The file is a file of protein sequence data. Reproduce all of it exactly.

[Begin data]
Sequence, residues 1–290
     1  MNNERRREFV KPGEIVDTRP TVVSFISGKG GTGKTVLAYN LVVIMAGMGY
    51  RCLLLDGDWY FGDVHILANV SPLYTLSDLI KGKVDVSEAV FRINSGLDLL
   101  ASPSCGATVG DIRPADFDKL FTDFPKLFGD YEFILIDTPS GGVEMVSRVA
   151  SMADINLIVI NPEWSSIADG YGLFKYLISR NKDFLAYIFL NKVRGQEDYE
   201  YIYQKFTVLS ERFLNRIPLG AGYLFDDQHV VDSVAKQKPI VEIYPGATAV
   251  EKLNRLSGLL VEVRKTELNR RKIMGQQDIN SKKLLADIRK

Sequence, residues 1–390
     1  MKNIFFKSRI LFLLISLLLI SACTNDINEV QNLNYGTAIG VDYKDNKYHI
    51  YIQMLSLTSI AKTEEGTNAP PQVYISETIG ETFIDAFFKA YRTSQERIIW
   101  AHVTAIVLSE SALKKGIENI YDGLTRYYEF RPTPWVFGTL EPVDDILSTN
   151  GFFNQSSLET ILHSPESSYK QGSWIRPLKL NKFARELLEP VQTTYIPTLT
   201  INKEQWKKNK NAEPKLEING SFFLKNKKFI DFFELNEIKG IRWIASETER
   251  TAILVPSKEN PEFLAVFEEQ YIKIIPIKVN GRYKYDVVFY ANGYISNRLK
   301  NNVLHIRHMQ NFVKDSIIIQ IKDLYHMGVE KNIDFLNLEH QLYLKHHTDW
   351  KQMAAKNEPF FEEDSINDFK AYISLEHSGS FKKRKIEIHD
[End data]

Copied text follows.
Sequence, residues 1–290
     1  MNNERRREFV KPGEIVDTRP TVVSFISGKG GTGKTVLAYN LVVIMAGMGY
    51  RCLLLDGDWY FGDVHILANV SPLYTLSDLI KGKVDVSEAV FRINSGLDLL
   101  ASPSCGATVG DIRPADFDKL FTDFPKLFGD YEFILIDTPS GGVEMVSRVA
   151  SMADINLIVI NPEWSSIADG YGLFKYLISR NKDFLAYIFL NKVRGQEDYE
   201  YIYQKFTVLS ERFLNRIPLG AGYLFDDQHV VDSVAKQKPI VEIYPGATAV
   251  EKLNRLSGLL VEVRKTELNR RKIMGQQDIN SKKLLADIRK

Sequence, residues 1–390
     1  MKNIFFKSRI LFLLISLLLI SACTNDINEV QNLNYGTAIG VDYKDNKYHI
    51  YIQMLSLTSI AKTEEGTNAP PQVYISETIG ETFIDAFFKA YRTSQERIIW
   101  AHVTAIVLSE SALKKGIENI YDGLTRYYEF RPTPWVFGTL EPVDDILSTN
   151  GFFNQSSLET ILHSPESSYK QGSWIRPLKL NKFARELLEP VQTTYIPTLT
   201  INKEQWKKNK NAEPKLEING SFFLKNKKFI DFFELNEIKG IRWIASETER
   251  TAILVPSKEN PEFLAVFEEQ YIKIIPIKVN GRYKYDVVFY ANGYISNRLK
   301  NNVLHIRHMQ NFVKDSIIIQ IKDLYHMGVE KNIDFLNLEH QLYLKHHTDW
   351  KQMAAKNEPF FEEDSINDFK AYISLEHSGS FKKRKIEIHD